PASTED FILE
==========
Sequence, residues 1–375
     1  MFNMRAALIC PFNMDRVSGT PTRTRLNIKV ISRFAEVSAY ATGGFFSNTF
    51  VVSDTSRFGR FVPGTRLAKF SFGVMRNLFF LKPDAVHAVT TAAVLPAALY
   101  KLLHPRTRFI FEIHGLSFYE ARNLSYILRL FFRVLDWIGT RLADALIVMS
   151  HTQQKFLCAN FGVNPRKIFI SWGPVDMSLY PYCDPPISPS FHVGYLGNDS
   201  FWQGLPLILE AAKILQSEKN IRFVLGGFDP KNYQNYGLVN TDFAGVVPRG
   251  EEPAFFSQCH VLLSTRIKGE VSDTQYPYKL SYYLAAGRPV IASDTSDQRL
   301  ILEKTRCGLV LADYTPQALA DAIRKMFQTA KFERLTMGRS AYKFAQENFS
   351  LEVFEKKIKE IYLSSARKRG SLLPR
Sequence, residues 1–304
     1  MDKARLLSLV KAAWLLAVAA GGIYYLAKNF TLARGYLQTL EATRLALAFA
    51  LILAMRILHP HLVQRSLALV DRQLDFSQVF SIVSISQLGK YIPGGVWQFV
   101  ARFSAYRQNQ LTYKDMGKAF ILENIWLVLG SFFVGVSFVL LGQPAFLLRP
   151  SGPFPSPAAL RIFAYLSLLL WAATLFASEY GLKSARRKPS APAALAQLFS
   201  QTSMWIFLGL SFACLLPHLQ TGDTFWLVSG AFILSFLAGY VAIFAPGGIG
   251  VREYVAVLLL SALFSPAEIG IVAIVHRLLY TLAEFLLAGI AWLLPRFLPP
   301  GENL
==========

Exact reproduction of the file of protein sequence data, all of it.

Sequence, residues 1–375
     1  MFNMRAALIC PFNMDRVSGT PTRTRLNIKV ISRFAEVSAY ATGGFFSNTF
    51  VVSDTSRFGR FVPGTRLAKF SFGVMRNLFF LKPDAVHAVT TAAVLPAALY
   101  KLLHPRTRFI FEIHGLSFYE ARNLSYILRL FFRVLDWIGT RLADALIVMS
   151  HTQQKFLCAN FGVNPRKIFI SWGPVDMSLY PYCDPPISPS FHVGYLGNDS
   201  FWQGLPLILE AAKILQSEKN IRFVLGGFDP KNYQNYGLVN TDFAGVVPRG
   251  EEPAFFSQCH VLLSTRIKGE VSDTQYPYKL SYYLAAGRPV IASDTSDQRL
   301  ILEKTRCGLV LADYTPQALA DAIRKMFQTA KFERLTMGRS AYKFAQENFS
   351  LEVFEKKIKE IYLSSARKRG SLLPR
Sequence, residues 1–304
     1  MDKARLLSLV KAAWLLAVAA GGIYYLAKNF TLARGYLQTL EATRLALAFA
    51  LILAMRILHP HLVQRSLALV DRQLDFSQVF SIVSISQLGK YIPGGVWQFV
   101  ARFSAYRQNQ LTYKDMGKAF ILENIWLVLG SFFVGVSFVL LGQPAFLLRP
   151  SGPFPSPAAL RIFAYLSLLL WAATLFASEY GLKSARRKPS APAALAQLFS
   201  QTSMWIFLGL SFACLLPHLQ TGDTFWLVSG AFILSFLAGY VAIFAPGGIG
   251  VREYVAVLLL SALFSPAEIG IVAIVHRLLY TLAEFLLAGI AWLLPRFLPP
   301  GENL